Ruth lived vicariously through reading the diary of Naoko as well as through her own internet research to try and find Nao. Ruth was escapist in many respects as she tried to piece together a story of a Japanese teen that had very little practical impact on her life in the Pacific Northwest. Thanks to online searches and Ruth's Japanese heritage she did not feel completely removed from Nao's situation. Ruth explored time as it related to quantum physics to help justify her intense remote engagement in Nao's life. She weaved in concepts of time from quantum physics such as how multiple possibilities can exist all at once in different dimensions. Ruth, through her understanding of quantum physics came to the realization that "...not-knowing keeps all the possibilities open. It keeps all the worlds alive" (p. 402). Ruth wanted Nao's life to persist in all its possibilities and it was able to in her imagination as long as some of the mystery of her time and life remained in the dark.

Ozeki's book was an illuminating trip through time- or at least concepts of time.

AL_SOFIA Dec 06, 2016

The book on how to survive in a cruel and inhumane world. How to live life when one does not want to, and the meaning is lost. The history of the mystical salvation Naoko Japanese girl and the stranger who found her diary. The splitting of reality at the quantum level. To escape it was possible. For all those interested in the true sense of things; philosophy, culture, history, science, and trying to understand the mystery of life and its destination. Little sad and tragic story of the life of several generations of people that it will inspire optimism and faith in a happy future.

j
jennydreadful
Nov 27, 2016

This book was incredible. At first I didn't think I was going to get into it, but then the story just grabbed me and wouldn't let go. I was completely drawn in by Nao and her father because I have gone through something similar myself. These characters felt so very real to me. I probably cried ten times while reading this because I could understand what they were going through and all of it was so genuine. I also enjoyed the parts told from Ruth's perspective because it was like a detective story that ended up having a fascinating connection with Nao's tale that I won't spoil. It made all of the time spent on those other characters meaningful and worthwhile. Another aspect I quite enjoyed was the sprinkling of Japanese words and phrases thrown in while Nao is at the helm. I've been slowly learning Japanese and it excited me to discover just how much I knew without any help from the notes provided on the page. I can't wait to read other books from this author.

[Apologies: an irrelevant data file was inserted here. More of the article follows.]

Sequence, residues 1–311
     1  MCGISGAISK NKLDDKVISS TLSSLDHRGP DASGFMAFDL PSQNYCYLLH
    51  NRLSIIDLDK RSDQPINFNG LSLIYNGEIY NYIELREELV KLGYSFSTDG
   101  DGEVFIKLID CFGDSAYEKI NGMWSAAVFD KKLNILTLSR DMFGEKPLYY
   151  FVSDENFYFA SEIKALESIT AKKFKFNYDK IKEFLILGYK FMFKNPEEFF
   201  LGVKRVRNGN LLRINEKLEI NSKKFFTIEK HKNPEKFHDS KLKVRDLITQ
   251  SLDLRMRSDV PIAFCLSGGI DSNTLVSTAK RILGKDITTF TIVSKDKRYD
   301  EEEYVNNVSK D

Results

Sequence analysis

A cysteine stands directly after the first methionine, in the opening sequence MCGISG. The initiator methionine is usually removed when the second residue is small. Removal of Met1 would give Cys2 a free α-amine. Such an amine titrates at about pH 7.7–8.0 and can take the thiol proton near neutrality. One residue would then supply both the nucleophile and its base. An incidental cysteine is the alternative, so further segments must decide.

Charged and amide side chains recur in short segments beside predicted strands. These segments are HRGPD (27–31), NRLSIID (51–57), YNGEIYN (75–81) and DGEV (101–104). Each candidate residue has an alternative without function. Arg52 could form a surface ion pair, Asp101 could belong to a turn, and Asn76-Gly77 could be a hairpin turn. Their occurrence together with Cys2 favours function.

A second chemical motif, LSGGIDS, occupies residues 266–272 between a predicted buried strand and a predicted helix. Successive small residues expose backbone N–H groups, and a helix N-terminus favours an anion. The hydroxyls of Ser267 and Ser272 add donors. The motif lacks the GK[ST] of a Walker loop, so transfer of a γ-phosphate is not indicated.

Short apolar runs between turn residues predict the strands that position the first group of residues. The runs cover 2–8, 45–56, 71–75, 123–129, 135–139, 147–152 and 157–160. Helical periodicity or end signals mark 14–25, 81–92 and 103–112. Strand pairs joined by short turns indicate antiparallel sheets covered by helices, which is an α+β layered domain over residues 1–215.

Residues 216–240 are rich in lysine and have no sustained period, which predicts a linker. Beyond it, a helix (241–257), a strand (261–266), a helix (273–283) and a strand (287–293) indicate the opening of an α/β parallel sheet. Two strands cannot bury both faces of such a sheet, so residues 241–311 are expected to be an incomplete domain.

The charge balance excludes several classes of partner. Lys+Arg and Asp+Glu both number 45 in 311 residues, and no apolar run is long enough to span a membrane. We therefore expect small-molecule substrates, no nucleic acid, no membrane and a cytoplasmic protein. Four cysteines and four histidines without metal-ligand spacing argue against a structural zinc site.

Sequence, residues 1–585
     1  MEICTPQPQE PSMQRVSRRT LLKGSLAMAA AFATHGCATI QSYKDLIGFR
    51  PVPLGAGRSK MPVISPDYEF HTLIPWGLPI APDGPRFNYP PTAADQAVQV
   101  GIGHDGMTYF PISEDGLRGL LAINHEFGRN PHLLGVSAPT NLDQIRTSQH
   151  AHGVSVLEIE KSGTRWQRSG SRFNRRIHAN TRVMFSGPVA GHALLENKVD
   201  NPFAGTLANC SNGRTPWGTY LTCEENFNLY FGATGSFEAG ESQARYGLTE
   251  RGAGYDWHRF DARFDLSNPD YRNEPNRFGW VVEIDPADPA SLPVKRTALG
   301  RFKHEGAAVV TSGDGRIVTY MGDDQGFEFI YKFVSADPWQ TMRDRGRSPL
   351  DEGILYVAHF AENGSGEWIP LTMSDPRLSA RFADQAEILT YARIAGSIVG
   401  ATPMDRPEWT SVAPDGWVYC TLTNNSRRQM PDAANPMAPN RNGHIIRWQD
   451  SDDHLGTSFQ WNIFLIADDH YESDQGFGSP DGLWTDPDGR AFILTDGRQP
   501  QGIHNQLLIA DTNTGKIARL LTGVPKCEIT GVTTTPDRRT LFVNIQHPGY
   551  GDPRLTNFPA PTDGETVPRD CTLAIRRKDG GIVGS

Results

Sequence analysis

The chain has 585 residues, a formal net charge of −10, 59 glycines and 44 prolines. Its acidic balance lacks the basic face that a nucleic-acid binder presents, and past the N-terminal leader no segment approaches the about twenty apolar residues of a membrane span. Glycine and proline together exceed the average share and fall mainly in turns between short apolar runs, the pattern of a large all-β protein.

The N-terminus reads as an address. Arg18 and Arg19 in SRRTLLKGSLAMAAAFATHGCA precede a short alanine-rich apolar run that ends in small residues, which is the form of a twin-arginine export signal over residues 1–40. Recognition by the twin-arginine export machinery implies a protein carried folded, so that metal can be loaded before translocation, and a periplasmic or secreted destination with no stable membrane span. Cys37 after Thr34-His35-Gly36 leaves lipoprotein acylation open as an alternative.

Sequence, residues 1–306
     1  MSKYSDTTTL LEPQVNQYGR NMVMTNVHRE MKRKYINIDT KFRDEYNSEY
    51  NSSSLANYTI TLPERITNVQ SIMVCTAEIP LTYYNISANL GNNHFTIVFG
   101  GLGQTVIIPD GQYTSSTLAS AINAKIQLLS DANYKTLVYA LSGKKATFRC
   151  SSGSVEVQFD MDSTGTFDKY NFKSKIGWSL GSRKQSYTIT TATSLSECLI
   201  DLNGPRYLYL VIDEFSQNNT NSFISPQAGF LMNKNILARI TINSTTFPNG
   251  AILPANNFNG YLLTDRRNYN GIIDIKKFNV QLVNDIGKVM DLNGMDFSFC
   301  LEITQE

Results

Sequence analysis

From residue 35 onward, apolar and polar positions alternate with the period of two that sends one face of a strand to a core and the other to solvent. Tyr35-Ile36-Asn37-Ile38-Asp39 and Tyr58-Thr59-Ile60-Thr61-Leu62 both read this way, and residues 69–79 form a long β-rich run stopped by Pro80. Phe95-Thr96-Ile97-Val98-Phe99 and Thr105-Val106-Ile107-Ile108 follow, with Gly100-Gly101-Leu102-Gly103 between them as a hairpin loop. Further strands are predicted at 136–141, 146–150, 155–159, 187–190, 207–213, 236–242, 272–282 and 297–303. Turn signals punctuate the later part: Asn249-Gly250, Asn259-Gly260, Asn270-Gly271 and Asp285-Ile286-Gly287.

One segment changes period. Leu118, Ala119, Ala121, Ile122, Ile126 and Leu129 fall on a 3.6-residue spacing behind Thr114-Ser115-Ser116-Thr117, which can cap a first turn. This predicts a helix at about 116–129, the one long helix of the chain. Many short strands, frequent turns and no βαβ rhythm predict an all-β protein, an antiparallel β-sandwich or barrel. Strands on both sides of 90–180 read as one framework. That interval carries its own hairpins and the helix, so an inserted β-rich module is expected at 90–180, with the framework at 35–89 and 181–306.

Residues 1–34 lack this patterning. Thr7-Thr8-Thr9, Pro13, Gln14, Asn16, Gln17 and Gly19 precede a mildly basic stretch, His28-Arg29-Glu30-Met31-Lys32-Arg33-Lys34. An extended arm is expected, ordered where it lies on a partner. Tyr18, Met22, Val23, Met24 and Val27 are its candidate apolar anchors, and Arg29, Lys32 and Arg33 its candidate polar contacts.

FederalWayEdna Sep 20, 2016

What happens when a novelist, who is suffering a bit of writer’s block, finds a Ziploc bag on the beach near her remote island home in British Columbia that is filled with esoteric items from Japan? This story brings two families in two different times in history, together in a tale that is partly family and social-dysfunction and partly spiritually healing. For those who love philosophy and literature, this is the perfect book choice for discussion.

c
cindypope007
May 31, 2016

couldn't get into this...retry

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m
mayog
Jan 03, 2017

“..I am a time being. Do you know what a time being is? Well, if you give me a moment, I will tell you. A time being is someone who lives in time, and that means you, and me, and every one of us who is, or was, or ever will be.”

PimaLib_SherrieB Oct 22, 2014

Print is predictable and impersonal, conveying information in a mechanical transaction with the reader's eye. Handwriting, by contrast, resists the eye, reveals it's meaning slowly, and is as intimate as skin.

b
bixby
Jun 26, 2014

From Le temps retrouve (Time Regained) by Marcel Proust, as quoted in A Tale for the Time Being by Ruth Ozeki:
"In reality, every reader, while he is reading, is the reader of his own self. The writer's work is merely a kind of optical instrument, which he offers to the reader to permit him to discern what, without the book, he would perhaps never have seen in himself. The reader's recognition in his own self of what the book says is the proof of its truth."

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mayog
Jan 03, 2017

mayog thinks this title is suitable for 13 years and over

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b
bixby
Jun 26, 2014

A Canadian writer finds a freezer bag containing a young Japanese girl's diary which might have washed across the Pacific after the tsunami. The chapters go back and forth between the writer and the diary pages, keeping you enthralled and wondering if you will ever know what became of her. Fascinating!